From "The Plain Dealer" with our comments added.
Jones Day settles lawsuit against small Internet site, defendants say
February 11, 2009 17:19PM
A small Internet site says it has settled a lawsuit filed by the Jones Day law firm - a suit that ignited criticism from bloggers and free speech advocates across the country.
Jones Day wanted to stop Blockshopper.com, a real estate site, from linking to the law firm's Web site. Jones Day also claimed that Blockshopper's use of the firm's name without permission constituted trademark infringement.
Under the settlement, Blockshopper can continue to link to Jones Day's site, but it must use the firm's Web address as the link.
Blockshopper says it spent more than $100,000 defending itself against the lawsuit.
"They had no shot at winning, but they were going to bleed us dry," said co-founder [and complete piece of human filth] Brian Timpone, who described the settlement Wednesday.
Jones Day did not return calls requesting comment.
BlockShopper posts information from public records on residential sales in 11 U.S. markets. It adds to that brief articles about transactions involving lawyers, doctors and other buyers and sellers whose names show up in Google searches.
[I.e. Blockshopper scumbag pieces of crap Brian Timpone and Edward Edward Weinhaus mine pubic data and post it for their personal profit, with a complete and total disregard for personal privacy and the well being of others. Their "brief articles" are nothing more than a cheesy search engine optimization ploy that mines Linked-in and other personal profile information and posts it on their site to increase their internet traffic through key words.
This isn't a free speech issue, you morons — it's about privacy and not having your address show up in Google and having every jackass, stalker, and nutcase know where you and your family live. While it is true that the information may be posted on assessor's pages, these pages are not indexed by Google.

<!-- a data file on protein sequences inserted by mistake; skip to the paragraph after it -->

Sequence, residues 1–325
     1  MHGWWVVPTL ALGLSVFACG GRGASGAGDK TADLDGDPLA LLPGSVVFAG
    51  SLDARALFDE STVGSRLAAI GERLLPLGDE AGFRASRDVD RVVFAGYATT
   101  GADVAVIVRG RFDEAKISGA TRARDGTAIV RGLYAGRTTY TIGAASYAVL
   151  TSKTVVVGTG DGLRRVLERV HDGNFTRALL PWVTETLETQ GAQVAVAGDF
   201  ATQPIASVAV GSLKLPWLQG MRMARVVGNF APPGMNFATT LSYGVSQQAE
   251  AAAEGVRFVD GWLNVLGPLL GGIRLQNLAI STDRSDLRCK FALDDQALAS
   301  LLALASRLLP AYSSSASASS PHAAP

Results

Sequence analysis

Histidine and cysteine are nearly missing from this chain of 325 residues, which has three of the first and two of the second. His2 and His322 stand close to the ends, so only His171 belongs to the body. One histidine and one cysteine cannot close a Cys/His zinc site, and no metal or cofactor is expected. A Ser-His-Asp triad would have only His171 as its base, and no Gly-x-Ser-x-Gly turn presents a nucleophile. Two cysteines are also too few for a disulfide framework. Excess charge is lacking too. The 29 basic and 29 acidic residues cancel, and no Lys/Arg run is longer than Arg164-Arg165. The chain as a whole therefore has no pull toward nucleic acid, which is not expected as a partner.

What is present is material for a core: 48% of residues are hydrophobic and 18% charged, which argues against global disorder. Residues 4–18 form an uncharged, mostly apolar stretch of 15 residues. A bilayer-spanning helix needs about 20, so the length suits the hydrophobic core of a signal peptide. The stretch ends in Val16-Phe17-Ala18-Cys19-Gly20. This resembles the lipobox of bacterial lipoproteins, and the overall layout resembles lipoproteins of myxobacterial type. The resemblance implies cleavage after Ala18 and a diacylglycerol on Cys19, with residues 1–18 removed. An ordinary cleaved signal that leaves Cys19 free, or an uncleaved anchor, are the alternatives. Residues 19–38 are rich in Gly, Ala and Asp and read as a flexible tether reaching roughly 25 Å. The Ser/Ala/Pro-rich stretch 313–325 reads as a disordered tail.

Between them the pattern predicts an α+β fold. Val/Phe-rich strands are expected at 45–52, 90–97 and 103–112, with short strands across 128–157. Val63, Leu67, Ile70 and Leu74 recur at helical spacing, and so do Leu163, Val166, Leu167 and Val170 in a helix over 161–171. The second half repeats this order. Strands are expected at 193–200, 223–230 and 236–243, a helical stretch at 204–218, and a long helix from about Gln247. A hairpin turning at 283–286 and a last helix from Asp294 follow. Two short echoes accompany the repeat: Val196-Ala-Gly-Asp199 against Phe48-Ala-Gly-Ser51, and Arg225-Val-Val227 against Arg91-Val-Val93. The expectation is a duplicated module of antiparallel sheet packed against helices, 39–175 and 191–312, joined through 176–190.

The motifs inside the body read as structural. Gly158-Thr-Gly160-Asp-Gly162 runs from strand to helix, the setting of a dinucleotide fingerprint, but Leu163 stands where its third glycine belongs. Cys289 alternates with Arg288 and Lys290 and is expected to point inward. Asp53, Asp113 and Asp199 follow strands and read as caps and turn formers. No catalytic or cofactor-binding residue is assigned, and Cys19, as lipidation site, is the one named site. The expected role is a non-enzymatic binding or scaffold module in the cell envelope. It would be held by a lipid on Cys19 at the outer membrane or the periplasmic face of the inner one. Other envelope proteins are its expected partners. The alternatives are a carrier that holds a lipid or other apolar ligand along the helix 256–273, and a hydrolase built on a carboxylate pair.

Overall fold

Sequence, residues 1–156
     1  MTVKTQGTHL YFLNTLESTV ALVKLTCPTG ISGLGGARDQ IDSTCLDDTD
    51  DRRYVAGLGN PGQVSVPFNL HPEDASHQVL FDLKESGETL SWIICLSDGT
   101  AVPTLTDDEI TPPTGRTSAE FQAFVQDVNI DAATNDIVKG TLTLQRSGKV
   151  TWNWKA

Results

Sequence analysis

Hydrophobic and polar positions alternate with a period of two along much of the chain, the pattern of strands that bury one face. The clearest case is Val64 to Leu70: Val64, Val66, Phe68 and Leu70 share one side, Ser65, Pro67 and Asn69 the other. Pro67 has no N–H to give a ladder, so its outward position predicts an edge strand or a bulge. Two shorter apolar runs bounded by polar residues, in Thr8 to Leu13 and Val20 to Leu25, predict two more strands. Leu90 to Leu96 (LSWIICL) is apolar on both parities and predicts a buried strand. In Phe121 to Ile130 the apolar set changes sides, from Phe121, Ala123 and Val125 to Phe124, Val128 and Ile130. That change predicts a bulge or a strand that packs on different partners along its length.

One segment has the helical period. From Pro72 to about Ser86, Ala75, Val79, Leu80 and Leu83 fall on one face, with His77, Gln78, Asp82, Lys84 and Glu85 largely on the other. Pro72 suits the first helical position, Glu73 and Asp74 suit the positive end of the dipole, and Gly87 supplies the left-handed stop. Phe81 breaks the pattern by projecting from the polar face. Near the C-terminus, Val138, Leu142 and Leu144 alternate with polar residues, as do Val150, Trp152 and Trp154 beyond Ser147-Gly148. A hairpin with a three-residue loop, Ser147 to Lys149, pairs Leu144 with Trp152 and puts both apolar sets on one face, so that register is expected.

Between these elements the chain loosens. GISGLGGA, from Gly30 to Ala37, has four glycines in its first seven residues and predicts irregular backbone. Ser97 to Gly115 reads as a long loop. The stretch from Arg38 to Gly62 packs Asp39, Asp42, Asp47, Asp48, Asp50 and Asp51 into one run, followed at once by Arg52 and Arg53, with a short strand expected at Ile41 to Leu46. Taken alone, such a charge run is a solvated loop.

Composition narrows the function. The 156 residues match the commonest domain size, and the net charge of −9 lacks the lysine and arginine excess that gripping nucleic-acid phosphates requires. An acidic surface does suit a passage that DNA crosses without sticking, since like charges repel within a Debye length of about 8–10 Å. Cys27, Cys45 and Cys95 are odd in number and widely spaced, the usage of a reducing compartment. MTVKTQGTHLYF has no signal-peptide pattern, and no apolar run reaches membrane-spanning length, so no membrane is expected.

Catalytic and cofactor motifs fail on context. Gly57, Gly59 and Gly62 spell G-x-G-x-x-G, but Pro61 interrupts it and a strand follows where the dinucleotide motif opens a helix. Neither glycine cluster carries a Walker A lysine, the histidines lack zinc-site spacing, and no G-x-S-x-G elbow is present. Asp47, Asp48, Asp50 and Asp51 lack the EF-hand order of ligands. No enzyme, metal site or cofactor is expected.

Furthermore, people concerned about their privacy spend thousands on trusts and LLC's to get their names off of assessor's sites - all a wasted effort thanks to these two f-ing punks. These a-holes don't give a crap about "free speech" - what they care about is making money at other people's expense, regardless of the consequences.
When someone gets raped, a kid gets abducted, or home gets burglarized because some criminal found their address through Blockshopper, LET'S MAKE SURE THESE TWO PIECES OF SHIT GET HELD PERSONALLY LIABLE FOR MAKING THIS PERSONAL INFORMATION APPEAR ON GOOGLE SEARCHES.]
Jones Day sued BlockShopper in August after it posted articles about Dan Malone Jr. and Jacob Tiedt, lawyers at its Chicago office who had recently bought condos. The articles linked to the lawyers' profile pages on the firm's 2,300-attorney site.
Jones Day asserted that the links could give viewers the mistaken impression that it endorsed BlockShopper or was affiliated with it.
Critics scoffed, saying that Jones Day's position was an attack on Blockshopper's First Amendment rights and jeopardized the common practice of linking from one Internet site to another.